Alcatel-Lucent pays $137m to settle US bribery case

  • Published

Telecoms equipment giant Alcatel-Lucent will pay $137m (£88.7m) to settle US charges that it paid bribes to win Latin American and Asian contracts.

The French-based firm was accused of bribing government officials in Costa Rica, Honduras, Malaysia and Taiwan.

The US Justice Department said the bribes were paid by Alcatel before it bought US-based company Lucent Technologies in 2006.

The Securities and Exchange Commission said Alcatel's controls were "lax".

Alacatel-Lucent had already made provision for the settlements in 2009 and said the cost would not affect its 2010 results.

The news boosted the firm's shares, which rose as high as 1.8% in thin trading, making it one of the biggest gainers on the Paris stock market.

'Sham' consultants

The SEC said Alcatel's subsidiaries "used consultants who performed little or no legitimate work to funnel more than $8m in bribes to government officials in order to obtain or retain lucrative telecommunications contracts".

The payments, made between December 2001 and June 2006, were either undocumented or improperly recorded as consultancy fees, the US authorities said.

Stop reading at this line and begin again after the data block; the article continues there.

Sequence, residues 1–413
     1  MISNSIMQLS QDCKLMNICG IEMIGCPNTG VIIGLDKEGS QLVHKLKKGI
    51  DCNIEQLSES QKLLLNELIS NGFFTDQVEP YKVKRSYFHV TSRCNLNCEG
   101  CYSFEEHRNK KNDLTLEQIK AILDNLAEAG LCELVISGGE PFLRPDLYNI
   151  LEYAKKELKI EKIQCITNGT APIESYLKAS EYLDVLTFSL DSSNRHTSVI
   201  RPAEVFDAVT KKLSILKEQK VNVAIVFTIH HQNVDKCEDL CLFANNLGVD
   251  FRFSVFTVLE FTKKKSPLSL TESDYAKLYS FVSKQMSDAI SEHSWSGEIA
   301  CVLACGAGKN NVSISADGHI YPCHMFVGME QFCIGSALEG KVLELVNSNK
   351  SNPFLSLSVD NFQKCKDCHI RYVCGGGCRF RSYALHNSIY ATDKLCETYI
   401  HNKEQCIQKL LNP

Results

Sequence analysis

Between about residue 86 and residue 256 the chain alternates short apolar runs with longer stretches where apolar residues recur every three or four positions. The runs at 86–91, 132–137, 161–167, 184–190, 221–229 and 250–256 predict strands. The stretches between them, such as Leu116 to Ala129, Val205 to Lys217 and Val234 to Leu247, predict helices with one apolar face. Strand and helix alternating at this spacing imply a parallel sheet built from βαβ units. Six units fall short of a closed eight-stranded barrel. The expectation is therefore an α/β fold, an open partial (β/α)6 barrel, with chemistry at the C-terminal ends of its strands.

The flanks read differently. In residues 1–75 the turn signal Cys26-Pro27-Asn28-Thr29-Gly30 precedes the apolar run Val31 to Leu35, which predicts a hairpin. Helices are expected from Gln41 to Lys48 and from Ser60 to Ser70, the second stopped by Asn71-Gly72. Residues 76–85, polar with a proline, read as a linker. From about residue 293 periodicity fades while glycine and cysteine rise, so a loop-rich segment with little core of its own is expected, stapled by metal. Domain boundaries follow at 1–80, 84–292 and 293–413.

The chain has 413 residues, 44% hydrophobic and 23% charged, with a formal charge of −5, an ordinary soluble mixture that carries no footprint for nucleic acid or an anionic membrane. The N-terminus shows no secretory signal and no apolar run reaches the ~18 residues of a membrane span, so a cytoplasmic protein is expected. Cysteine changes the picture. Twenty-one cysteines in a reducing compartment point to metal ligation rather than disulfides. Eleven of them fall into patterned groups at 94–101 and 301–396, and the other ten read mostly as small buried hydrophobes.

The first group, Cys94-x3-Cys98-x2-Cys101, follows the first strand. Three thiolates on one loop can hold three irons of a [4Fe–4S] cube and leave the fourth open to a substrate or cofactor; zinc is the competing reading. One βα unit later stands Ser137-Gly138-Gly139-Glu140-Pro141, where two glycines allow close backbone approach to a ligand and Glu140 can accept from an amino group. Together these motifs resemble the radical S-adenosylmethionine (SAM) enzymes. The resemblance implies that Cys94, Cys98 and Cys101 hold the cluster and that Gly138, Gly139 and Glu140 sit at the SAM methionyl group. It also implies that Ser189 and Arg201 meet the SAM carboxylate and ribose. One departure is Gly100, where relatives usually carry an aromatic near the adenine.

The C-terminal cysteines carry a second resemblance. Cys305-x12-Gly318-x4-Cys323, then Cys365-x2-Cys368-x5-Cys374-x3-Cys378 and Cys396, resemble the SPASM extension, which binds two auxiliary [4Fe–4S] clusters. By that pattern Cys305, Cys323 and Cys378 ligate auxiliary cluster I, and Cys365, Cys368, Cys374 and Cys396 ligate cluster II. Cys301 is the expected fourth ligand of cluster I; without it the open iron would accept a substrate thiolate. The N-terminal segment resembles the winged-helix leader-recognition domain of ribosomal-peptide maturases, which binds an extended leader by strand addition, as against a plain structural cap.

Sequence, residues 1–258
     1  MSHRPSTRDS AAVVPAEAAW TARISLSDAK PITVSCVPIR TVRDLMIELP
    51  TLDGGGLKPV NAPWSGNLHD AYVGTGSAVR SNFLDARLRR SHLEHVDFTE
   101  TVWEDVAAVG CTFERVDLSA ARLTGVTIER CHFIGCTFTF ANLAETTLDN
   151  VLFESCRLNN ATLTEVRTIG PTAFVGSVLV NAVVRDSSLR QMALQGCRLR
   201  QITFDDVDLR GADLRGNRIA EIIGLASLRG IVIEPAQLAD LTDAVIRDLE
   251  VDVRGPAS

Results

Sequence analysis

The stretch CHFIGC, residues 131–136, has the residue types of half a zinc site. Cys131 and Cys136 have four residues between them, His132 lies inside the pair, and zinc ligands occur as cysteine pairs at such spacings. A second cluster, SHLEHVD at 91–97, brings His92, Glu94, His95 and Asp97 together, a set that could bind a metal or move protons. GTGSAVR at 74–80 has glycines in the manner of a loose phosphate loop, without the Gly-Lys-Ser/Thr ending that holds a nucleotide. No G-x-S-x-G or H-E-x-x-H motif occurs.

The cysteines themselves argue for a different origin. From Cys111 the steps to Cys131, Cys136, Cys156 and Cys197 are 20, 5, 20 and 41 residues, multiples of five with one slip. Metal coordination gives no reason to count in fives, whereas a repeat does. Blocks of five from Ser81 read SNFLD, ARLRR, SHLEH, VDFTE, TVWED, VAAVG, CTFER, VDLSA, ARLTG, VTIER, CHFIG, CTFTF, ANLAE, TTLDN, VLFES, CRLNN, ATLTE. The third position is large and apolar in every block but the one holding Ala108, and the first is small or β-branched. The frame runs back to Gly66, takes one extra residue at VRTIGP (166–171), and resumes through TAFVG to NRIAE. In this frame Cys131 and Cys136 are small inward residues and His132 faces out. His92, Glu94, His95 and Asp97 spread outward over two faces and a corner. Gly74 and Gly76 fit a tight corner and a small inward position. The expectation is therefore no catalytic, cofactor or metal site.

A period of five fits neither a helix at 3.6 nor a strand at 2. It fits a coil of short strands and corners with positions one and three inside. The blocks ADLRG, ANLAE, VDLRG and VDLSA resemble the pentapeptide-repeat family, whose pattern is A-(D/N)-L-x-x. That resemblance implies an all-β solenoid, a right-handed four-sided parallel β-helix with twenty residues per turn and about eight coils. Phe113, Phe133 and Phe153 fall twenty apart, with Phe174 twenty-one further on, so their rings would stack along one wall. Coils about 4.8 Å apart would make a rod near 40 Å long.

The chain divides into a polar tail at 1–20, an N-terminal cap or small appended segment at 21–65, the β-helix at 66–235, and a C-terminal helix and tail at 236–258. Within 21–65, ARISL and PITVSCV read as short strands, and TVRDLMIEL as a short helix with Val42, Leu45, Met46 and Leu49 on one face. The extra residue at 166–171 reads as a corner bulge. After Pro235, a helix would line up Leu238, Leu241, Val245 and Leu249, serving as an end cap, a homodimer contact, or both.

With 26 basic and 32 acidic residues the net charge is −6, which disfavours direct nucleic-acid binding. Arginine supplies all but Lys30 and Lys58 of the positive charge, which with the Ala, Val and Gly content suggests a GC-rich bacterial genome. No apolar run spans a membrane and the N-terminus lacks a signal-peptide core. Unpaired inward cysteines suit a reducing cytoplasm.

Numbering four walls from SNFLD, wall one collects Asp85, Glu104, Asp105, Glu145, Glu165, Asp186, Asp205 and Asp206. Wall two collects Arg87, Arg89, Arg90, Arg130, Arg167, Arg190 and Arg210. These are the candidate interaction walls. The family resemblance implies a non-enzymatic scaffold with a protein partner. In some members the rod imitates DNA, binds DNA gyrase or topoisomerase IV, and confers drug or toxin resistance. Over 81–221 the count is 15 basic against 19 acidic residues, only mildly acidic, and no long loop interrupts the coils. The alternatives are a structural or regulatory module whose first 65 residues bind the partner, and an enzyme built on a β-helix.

The head of the SEC's enforcement division, Robert Khuzami, said Alcatel and its subsidiaries had failed to investigate numerous "red flags" indicating that some employees were using "sham consultants".

"Alcatel's bribery scheme was the product of a lax corporate control environment at the company," he added.

US officials said Alcatel had admitted earning about $48.1m in profits as a result of the payments.

Alcatel agreed to pay $92m to settle criminal charges brought by the Justice Department under the US Foreign Corrupt Practices Act, plus a further $45m to settle civil charges brought by the SEC.

The violations came to light following a joint investigation by agencies in the US, France and Costa Rica.

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